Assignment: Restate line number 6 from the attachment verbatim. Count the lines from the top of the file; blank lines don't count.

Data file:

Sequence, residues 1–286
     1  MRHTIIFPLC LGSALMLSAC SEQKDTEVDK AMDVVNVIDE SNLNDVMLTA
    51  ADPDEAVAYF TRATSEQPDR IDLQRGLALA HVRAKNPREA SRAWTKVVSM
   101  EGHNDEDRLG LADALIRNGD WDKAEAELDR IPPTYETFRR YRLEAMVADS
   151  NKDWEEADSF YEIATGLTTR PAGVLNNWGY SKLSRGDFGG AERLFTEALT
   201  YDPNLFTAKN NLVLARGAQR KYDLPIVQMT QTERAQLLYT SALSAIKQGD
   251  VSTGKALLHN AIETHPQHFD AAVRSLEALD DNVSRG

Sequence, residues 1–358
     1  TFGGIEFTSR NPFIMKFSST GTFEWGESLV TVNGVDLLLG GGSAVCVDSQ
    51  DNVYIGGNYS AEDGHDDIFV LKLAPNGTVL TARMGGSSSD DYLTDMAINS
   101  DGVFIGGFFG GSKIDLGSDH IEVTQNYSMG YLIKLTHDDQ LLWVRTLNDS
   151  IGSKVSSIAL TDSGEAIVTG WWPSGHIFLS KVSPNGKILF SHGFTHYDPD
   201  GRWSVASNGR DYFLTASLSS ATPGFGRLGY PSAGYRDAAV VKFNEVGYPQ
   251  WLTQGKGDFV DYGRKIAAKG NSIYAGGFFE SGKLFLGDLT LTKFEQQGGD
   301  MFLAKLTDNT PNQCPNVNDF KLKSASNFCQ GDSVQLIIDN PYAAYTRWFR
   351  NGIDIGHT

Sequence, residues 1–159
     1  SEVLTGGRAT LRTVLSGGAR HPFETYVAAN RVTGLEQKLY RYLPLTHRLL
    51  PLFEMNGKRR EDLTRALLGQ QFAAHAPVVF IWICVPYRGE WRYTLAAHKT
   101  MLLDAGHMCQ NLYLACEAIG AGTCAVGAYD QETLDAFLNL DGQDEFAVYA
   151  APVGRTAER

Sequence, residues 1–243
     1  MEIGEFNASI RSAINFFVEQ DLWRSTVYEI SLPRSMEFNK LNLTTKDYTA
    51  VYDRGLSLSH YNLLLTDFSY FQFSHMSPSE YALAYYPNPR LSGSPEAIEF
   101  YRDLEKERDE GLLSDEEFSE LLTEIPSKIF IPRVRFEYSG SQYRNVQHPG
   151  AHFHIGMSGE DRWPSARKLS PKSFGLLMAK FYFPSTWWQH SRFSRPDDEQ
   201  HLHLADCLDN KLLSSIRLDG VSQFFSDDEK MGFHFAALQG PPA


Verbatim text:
   201  YDPNLFTAKN NLVLARGAQR KYDLPIVQMT QTERAQLLYT SALSAIKQGD